It is very common for parents to ask everyone they can think of for help for their teenager and the only answer they get is, “I am sorry we cannot help you or your child. We don’t handle that issue.” It is also not uncommon for teens to ask for help by admitting to someone that they are feeling suicidal and the teen is told stop being so dramatic or “sorry there is nothing we can do for you at this time, but try calling this number.”

Some of you may assume that I must be exaggerating, but I am not. I have had many parents beg me to see their child because no one has any appointments or they don’t deal with teen issues. When I interview these parents, they have been every where asking for help, but no one has offered any help or they are referred to someone else because they don’t deal with their child’s issues. Many parents tell me they had called over 20 psychotherapist and had no replies. My office was the only office to call back.

For example, one Thanksgiving I had a mother have my answering service page me and she was begging me for help because her teen was suicidal. I was referred her to the mother by the County hospital because the County hospital said they had no room for her son. When speaking to the mother it was obvious the teenager needed to be hospitalized. When I asked her why her son was not in the hospital, she again told me the County hospital gave her my telephone number because they had no more beds for suicidal teenagers. No one in the system cared what she was dealing with and how concerned she was about her son. I also have had the Crises Unit at the County Hospital not to send anyone over because they had no space for suicidal teens. So if I have a suicidal teen, what do I do?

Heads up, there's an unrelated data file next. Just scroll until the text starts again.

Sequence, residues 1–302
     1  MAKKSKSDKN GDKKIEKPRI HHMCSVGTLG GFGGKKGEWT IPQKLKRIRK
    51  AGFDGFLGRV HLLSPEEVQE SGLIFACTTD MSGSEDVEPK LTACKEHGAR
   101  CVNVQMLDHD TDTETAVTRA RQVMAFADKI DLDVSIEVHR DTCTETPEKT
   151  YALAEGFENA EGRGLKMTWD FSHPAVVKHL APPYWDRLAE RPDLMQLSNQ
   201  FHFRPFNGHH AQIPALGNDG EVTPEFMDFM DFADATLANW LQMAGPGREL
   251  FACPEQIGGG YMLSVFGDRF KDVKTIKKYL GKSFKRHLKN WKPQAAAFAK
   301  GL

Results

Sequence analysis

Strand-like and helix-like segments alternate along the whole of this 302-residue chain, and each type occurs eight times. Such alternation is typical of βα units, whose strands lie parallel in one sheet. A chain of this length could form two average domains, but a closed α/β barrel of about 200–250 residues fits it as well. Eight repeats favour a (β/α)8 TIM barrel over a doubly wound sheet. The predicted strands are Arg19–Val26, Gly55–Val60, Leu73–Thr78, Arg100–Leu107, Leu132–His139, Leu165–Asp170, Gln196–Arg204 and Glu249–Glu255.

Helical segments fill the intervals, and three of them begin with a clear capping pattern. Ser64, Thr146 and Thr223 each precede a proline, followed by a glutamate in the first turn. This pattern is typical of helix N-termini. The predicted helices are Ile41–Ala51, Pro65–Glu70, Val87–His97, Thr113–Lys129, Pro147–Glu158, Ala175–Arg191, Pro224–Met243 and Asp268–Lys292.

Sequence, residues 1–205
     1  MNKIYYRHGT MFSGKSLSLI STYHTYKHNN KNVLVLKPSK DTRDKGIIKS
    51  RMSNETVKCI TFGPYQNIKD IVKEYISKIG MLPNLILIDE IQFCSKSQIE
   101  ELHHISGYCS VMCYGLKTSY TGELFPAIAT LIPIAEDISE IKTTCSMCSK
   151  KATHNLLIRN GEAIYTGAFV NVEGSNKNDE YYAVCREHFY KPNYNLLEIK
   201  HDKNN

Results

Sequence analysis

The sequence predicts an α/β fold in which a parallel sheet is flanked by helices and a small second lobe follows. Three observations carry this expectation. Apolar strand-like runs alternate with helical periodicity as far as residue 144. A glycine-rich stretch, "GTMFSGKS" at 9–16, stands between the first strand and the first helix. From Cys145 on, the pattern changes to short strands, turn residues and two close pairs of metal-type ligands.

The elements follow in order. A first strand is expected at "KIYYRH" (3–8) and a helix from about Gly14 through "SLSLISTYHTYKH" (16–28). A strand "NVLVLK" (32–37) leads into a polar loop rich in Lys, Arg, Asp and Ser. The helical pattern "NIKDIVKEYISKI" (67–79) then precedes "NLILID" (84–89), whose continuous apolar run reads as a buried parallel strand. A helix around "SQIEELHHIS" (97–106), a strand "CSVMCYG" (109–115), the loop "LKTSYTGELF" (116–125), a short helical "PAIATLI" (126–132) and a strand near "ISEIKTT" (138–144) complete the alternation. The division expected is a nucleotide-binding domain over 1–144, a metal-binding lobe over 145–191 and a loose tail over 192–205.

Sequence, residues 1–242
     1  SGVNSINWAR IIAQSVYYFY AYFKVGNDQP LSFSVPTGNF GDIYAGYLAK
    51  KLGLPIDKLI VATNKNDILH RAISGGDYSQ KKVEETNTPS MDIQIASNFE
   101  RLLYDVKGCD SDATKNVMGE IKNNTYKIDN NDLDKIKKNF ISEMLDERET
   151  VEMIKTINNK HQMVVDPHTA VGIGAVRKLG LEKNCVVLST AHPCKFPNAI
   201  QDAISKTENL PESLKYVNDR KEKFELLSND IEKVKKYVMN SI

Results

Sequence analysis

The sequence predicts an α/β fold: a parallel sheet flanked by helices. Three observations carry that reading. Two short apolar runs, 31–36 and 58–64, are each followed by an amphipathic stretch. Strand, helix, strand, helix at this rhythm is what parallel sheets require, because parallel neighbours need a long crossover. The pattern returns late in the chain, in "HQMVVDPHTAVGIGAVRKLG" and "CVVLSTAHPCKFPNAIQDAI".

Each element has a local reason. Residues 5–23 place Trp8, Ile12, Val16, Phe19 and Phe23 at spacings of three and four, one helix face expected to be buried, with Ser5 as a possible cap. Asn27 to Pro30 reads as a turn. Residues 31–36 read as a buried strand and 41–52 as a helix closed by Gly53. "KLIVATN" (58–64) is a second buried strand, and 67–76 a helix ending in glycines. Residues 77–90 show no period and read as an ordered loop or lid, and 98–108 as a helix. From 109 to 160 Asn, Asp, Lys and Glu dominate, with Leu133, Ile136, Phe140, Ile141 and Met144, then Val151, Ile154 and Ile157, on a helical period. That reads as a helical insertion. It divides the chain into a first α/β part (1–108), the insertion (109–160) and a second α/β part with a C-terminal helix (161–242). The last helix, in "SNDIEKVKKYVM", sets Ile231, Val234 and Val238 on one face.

Again, some people might believe these are isolated cases. Sadly these are not isolated cases. I specialize in treating suicidal and bipolar teens. There have been a number of times I have sent a suicidal teen by ambulance from my office to the County hospital only to have the teen released in less than an hour because the hospital had no beds. I had one person on the Psychiatric Crises Unit tell me on the telephone unless the person had a shotgun in their mouth not to send them to the Hospital because they had no beds for suicidal teens.

Now, some of you may assume the situation would be different if the teen had private insurance because I have been referring to the County Hospital. If you are thinking having private insurance would make a difference, you are wrong. I have had many private insurance companies deny my request to authorize additional therapy sessions for a suicidal teenager. When I remind the insurance that the teen is suicidal and needs therapy to prevent them from acting on their feeling, they often say to refer them to a community counseling center. When I remind them that most non-profit counseling centers have closed due to the economy, they simply say sorry they have exhausted their benefits and they will no longer cover their treatment.

This puts the therapist in a difficult position. Do you just discharge the teen or do you continue to treat the teen for a low fee or for free? When 1 out of 5 teens have a psychological condition that needs treatment, what do you do when treatment is denied or there are no treatment options? Also, when you examine the results further you find that teens who need therapy but fail to receive it are more likely to get involved with drugs, crime, are more likely to drop out of school, more likely to get pregnant or father a child and that child is more likely to become a foster child. These teens are also more likely to end up on probation, homeless and on welfare.